Robinson notes the hardening of American partisanship and the not irrelevant fact that what is left of the GOP is mostly an amalgam of gun owners, people “who claim to be religious,” and people who resent immigration. (What she doesn’t say, but should have acknowledged, is that “resentment of immigration” is more often than not a euphemism for deep-seated and virulent racism.) As she does acknowledge, there are profound differences of worldview between those who fall into those categories and the rest of America–these are fearful people, and Trump has continually stoked their fears of the “other” with his anti-immigrant and racist rhetoric.

Behind much of this is a spurious Christianity that has spread through the culture on the strength of the old American habit of church-going, and which propounds a stark vision, the embattled faction of “the saved” surrounded by continuous threats to their souls – otherwise known as the American population at large.

Obama was impolitic, but not wrong, when he suggested that frightened people cling to their guns and their bibles. Robinson points to the irony of self-described “patriots” who hate the country, and self-identified “Christians” who insult and deprive the poor and the stranger.

Those “Christians” (note quotes) are Trump’s base and enablers. Their overwhelming hypocrisy is the reason  so many Americans, especially young Americans, are rejecting religion. After all, the only justification for organized religion–at least, the only justification that makes sense to reasonable people–is that it is capable of prompting moral behavior.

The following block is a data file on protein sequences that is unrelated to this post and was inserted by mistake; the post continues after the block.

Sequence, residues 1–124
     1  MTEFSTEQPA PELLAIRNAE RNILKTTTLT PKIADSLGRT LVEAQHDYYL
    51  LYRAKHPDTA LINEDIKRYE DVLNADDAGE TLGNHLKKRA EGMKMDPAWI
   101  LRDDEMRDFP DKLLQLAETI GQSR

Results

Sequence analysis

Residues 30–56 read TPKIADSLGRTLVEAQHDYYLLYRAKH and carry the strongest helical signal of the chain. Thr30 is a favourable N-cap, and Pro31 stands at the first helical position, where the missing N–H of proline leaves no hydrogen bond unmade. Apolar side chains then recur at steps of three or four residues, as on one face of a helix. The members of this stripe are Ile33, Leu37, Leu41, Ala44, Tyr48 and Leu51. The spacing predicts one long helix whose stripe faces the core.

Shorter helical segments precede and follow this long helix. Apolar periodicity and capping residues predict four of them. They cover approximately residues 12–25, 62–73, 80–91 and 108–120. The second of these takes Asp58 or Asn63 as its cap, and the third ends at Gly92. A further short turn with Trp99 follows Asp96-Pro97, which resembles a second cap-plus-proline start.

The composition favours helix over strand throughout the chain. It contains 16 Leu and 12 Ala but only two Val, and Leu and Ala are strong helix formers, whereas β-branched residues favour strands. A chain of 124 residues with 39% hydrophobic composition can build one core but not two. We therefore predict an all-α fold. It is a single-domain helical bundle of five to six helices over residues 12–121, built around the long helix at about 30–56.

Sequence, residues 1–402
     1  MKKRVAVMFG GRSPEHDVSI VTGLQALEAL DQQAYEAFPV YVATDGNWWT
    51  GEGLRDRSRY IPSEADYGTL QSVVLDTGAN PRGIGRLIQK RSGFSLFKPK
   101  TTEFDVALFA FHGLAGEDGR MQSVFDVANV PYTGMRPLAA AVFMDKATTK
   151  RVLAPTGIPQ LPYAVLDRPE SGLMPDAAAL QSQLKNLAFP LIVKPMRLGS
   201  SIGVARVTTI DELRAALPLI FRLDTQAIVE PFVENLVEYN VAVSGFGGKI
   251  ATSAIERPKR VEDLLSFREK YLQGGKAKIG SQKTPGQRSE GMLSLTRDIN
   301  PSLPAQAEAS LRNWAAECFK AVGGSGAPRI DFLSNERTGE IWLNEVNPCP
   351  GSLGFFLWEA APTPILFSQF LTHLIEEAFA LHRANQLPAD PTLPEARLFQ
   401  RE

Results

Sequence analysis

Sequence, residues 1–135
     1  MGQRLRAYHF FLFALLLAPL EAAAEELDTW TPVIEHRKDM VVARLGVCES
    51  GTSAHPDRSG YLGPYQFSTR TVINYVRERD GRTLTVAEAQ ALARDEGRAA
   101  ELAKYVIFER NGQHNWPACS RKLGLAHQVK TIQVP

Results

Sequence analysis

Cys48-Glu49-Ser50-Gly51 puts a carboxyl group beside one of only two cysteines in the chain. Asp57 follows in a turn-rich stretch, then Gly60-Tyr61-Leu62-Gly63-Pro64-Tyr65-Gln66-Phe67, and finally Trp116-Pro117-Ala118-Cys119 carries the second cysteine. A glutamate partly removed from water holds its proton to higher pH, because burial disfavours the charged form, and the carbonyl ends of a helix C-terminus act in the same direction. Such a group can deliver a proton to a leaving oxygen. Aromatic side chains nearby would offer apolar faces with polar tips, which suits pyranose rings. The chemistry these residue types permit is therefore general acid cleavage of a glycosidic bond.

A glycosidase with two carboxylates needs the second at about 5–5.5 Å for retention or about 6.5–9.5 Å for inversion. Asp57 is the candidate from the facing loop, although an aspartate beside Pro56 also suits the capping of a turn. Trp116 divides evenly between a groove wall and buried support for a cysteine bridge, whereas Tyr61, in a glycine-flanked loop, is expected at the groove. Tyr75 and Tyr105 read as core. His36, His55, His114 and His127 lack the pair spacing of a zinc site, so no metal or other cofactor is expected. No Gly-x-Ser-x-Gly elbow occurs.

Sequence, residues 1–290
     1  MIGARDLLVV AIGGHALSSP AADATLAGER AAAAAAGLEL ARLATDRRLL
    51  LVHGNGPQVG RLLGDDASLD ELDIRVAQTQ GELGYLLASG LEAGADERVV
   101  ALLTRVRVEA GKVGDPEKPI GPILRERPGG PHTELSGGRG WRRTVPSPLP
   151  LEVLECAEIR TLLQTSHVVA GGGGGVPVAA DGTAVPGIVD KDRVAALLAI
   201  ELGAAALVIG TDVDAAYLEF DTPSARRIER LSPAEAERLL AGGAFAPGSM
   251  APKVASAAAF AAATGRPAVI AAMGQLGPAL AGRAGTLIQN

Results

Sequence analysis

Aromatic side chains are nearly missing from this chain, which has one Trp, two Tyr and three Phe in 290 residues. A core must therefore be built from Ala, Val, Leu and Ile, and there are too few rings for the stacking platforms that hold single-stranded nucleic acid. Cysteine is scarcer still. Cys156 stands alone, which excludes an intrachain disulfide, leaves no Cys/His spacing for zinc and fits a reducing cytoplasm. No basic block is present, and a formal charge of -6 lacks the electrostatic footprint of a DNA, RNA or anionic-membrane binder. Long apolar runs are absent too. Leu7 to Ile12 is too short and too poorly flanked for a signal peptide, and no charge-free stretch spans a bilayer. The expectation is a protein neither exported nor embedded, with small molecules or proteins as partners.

Of course, history teaches us that religion is also quite capable of excusing atrocities.

When clear-eyed people see religious dogma being used to support adherents’ delusions of superiority, when they see it used to justify and excuse behaviors that all good people condemn as immoral, is it any wonder they see it as a cynical prop to tribalism rather than an appeal to the “better angels” of our humanity?

“Religious” folks who are conspicuously silent when children are ripped from the arms of parents who are seeking sanctuary–who show no compassion for people fleeing intolerable situations in an effort to give those children a better life–aren’t worshipping any God worthy of the name.

 

 

Double Whammy

A friend from Wisconsin often shares news reported in that state’s media. Most recently, he sent me an article reporting on the troubling results of research into poverty and public health.

Malia Jones is an assistant scientist and social epidemiologist working in Wisconsin. As she notes, her conclusions about increases in poverty despite the economic recovery are consistent with those reached by other scholars.

We didn’t look at explanations for that but other people have, and I think what’s happening is that people at the low end of the economic spectrum are not benefiting from recovery. They’re really being left behind. So inequality is increasing in the face of an expanding economy.

Jones’ work is one more confirmation that, as she says, low-income Americans are being left behind. But her analysis didn’t stop there, and her discussion of both the immediate and long-term implications requires attention.

In short, poor children in America are getting a “double whammy.”